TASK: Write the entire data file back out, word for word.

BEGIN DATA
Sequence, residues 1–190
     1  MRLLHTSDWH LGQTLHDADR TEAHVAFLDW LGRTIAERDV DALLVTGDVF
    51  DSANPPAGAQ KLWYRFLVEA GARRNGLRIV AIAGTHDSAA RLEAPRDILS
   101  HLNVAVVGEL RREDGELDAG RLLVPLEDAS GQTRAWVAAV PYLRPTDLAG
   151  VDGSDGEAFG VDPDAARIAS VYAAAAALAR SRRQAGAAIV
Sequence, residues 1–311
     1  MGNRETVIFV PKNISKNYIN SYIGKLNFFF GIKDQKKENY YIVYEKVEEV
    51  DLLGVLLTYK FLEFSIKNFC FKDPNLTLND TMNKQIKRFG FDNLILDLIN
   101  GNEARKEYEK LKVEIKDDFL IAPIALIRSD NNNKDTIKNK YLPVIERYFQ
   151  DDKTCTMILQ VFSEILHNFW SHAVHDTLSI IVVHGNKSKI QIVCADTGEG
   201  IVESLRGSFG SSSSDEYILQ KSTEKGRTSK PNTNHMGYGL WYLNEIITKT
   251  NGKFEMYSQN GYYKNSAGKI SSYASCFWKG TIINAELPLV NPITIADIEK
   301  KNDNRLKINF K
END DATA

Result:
Sequence, residues 1–190
     1  MRLLHTSDWH LGQTLHDADR TEAHVAFLDW LGRTIAERDV DALLVTGDVF
    51  DSANPPAGAQ KLWYRFLVEA GARRNGLRIV AIAGTHDSAA RLEAPRDILS
   101  HLNVAVVGEL RREDGELDAG RLLVPLEDAS GQTRAWVAAV PYLRPTDLAG
   151  VDGSDGEAFG VDPDAARIAS VYAAAAALAR SRRQAGAAIV
Sequence, residues 1–311
     1  MGNRETVIFV PKNISKNYIN SYIGKLNFFF GIKDQKKENY YIVYEKVEEV
    51  DLLGVLLTYK FLEFSIKNFC FKDPNLTLND TMNKQIKRFG FDNLILDLIN
   101  GNEARKEYEK LKVEIKDDFL IAPIALIRSD NNNKDTIKNK YLPVIERYFQ
   151  DDKTCTMILQ VFSEILHNFW SHAVHDTLSI IVVHGNKSKI QIVCADTGEG
   201  IVESLRGSFG SSSSDEYILQ KSTEKGRTSK PNTNHMGYGL WYLNEIITKT
   251  NGKFEMYSQN GYYKNSAGKI SSYASCFWKG TIINAELPLV NPITIADIEK
   301  KNDNRLKINF K